Football News

Premier League: Dream Or Nightmare


The Premier League is monster, make no mistake about it. Since the break-away from The Football League England’s elite have built a monopoly that is the envy of world football. Vast amounts of overseas and domestic broadcasting revenue has flooded into the league. In addition to that lucrative sponsorships have followed, which has been shared among it 20 members with parachute payments handed out to many others who have failed to survive within this most elite of clubs. 

Criticism has been rightly pointed at the irresponsible and sometimes beyond belief behaviour of owners of some of these clubs while feasting on the leagues lavish riches. From Leeds United's collapse to the demise and recent somewhat revival of the Sheffield clubs, there is a air of sadness that despite all this glory the real victims have been some of our greatest clubs. Nottingham Forest and bitter rivals Derby County have become Championship hopefuls at best. Despite a history, fanbase and stadiums worthy of a place among the top table they find themselves trapped beneath the glass ceiling wondering if they will ever break through. Coventry City have fell far from grace while Norwich City and Ipswich Town are hovering in the second tier  despite the former having spent some time in the top flight .

Despite all these stories of mismanagement and in Portsmouth's case overdosing on success, there are many great stories the league has helped to inspire. When the league was formed no one could have predicted Bournemouth would become a competitive Premier League club. A club able to spend £20 Million pound on a central defender in the last transfer window. Brighton and Hove Albion have come from playing at a athletics stadium to a club among the big boys, flexing their state of the art Amex Stadium, determined to prove they belong here. Blackpool may have fell victim to a number of the earlier negativities but their one season in the league was a miracle in itself beyond any fairytale. Swansea City have climbed the leagues and have somewhat established themselves as a top flight club. Both Wigan and Portsmouth lifted domestic honours, inspired by their presence in the league but soon fell prey to life outside the cash cow.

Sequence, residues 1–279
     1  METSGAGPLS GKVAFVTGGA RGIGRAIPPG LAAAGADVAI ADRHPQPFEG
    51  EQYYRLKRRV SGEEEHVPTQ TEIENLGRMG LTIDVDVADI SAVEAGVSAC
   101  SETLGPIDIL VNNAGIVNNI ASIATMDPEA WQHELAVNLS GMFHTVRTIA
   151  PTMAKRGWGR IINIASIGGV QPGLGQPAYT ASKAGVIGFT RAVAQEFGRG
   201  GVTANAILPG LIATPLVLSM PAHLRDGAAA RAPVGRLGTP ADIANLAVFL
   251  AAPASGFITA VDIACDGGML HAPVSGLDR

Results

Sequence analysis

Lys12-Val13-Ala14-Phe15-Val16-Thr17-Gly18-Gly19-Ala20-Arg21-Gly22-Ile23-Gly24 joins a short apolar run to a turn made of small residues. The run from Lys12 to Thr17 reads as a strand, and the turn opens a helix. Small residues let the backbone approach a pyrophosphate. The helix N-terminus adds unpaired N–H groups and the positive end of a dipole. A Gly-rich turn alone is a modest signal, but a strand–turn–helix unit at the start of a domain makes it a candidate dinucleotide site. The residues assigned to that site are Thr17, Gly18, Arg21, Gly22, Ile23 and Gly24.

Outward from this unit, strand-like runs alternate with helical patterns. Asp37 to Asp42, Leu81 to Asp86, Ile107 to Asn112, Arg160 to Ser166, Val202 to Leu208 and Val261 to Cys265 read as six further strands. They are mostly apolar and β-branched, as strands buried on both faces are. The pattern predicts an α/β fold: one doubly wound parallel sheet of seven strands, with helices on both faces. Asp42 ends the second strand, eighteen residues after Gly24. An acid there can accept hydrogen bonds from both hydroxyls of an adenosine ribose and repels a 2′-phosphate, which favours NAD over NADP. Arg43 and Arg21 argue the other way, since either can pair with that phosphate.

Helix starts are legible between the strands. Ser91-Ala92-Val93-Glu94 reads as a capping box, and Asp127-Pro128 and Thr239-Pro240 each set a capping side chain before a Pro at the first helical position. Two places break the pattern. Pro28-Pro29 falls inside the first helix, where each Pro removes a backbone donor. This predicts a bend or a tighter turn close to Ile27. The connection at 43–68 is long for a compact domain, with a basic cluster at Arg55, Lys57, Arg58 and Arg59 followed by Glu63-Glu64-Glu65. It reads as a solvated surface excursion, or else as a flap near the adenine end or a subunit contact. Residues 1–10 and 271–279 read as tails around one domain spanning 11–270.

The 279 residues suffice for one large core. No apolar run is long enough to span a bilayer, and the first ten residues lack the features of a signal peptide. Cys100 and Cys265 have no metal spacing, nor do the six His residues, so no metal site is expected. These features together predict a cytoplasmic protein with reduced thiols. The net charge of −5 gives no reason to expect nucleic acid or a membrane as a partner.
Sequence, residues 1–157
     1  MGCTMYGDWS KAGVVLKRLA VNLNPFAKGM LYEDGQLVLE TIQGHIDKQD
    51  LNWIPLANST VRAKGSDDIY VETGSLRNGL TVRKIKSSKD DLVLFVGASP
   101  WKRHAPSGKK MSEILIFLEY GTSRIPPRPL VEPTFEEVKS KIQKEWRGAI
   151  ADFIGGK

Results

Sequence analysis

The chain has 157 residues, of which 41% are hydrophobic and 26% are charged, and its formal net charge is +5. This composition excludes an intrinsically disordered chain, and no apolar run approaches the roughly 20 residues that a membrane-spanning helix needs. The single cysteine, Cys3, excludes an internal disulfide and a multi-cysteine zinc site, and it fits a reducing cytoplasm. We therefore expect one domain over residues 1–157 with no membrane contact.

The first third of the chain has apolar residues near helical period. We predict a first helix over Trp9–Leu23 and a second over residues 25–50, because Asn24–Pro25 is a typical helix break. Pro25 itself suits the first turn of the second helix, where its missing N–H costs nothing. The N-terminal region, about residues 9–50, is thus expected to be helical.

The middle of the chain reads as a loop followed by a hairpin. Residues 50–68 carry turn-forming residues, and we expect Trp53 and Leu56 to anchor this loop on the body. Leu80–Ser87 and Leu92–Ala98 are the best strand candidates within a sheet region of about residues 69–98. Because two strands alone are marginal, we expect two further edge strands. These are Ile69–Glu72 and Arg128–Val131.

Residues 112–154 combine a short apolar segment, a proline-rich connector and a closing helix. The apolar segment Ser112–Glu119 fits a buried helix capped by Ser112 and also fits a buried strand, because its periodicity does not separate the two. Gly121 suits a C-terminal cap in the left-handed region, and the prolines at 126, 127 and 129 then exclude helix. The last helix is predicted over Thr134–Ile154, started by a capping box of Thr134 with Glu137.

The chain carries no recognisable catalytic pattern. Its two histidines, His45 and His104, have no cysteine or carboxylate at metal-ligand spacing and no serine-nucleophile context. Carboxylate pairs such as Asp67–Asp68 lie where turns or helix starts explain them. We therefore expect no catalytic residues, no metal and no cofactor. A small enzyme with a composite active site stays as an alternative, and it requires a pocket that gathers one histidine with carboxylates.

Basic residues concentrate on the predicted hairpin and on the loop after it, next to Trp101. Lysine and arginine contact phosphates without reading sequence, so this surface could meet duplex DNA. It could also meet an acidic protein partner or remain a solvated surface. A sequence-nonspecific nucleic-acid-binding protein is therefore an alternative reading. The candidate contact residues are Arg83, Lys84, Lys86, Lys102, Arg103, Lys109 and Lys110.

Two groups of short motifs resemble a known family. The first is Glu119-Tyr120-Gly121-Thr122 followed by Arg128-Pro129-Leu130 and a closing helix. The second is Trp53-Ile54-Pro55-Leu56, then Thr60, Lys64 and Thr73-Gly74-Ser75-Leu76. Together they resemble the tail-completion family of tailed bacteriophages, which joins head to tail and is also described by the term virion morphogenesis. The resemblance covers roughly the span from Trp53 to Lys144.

When you consider the league has shown no mercy to strongly supported clubs such as Newcastle, West Ham United and Southampton in the past, while it has recently swallowed up Aston Villa, it proves that the Premier League is a beacon of inspiration to the lowly.  A dream that everyone believes they have a chance of achieving someday, however small. But it is also safe to say that the dream can quickly become a nightmare if you indulge of the privileges with no consideration for the consequences.  

 

Anthony Kavanagh